Incumbents keep seats on ‘courts of last resort’ in Texas

Debra Lehrmann is reelected. Photo courtesy Wikimedia Commons.

By Emma Weidmann | Staff Writer

Three Republican incumbents have kept their seats on the Texas Supreme Court, and two Republican incumbents have likewise defended their spots on the Texas Criminal Court of Appeals, according to the Texas Tribune.

The Texas Supreme Court is a “court of last resort” for civil and juvenile cases in Texas. Any noncriminal case tried in the state can be appealed all the way to the top — the Texas Supreme Court — where the decision made is final. Its criminal counterpart is the Court of Criminal Appeals, where decisions in criminal cases can be appealed.

Texas Supreme Court

Debra Lehrmann (R-incumbent) was appointed by former Gov. Rick Perry in 2010 to Place 3. This is her third time being reelected, after her win against Erin Nowell with 66.67% of the vote in McLennan County.

Rebeca Huddle (R-incumbent) won against Amanda Reicheck for Place 5 with 67.83% of the vote in McLennan County. Huddle was appointed to the court by Gov. Greg Abbott in 2020.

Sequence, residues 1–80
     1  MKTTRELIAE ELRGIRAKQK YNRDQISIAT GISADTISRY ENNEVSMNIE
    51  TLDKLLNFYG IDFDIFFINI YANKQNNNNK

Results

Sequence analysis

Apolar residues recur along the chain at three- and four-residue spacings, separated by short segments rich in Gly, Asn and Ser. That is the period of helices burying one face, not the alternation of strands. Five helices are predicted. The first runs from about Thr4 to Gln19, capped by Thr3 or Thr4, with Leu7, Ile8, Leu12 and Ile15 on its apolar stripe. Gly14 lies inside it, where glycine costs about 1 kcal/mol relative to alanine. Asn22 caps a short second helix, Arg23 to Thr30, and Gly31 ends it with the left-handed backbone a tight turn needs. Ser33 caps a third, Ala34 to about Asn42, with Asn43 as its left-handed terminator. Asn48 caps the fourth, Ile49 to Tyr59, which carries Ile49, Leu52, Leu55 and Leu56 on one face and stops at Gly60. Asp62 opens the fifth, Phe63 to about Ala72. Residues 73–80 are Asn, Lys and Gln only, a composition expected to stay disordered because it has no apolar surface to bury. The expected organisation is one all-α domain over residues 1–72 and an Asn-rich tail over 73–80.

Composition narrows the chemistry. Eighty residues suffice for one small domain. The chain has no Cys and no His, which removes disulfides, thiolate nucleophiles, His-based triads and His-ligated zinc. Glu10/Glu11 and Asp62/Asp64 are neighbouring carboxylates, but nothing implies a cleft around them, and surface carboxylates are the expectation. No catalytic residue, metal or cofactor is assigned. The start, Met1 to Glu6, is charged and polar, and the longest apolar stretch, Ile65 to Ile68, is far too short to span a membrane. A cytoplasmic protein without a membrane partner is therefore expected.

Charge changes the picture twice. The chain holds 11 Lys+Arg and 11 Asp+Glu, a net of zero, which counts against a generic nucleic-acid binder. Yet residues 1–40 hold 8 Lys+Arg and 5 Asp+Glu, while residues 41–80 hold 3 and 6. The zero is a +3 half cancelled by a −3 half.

Evan Young (R-incumbent) was appointed by Abbott in 2021 to Place 9. Young defeated Julia Maldonado, the Harris County presiding family court judge, with 67.45% of the vote in McLennan County.

Texas Criminal Court of Appeals

Mary Lou Keel (R-incumbent) ran unopposed for Place 2. She has served on the Criminal Court of Appeals since her election to the court in 2016.

Scott Walker (R-incumbent) kept his seat in Place 5 against Dana Huffman, an attorney and municipal judge, with 67.66% of the vote in McLennan County. Along with Keel, Walker is the only incumbent across both races to have been elected to the court rather than appointed by the governor. He was elected in 2016.

Jesse McClure (R-incumbent) defended his seat in Place 6 against Robert Johnson with 67.76% of the vote in McLennan County. This is his first time being reelected to the Court of Criminal Appeals since his appointment in 2020.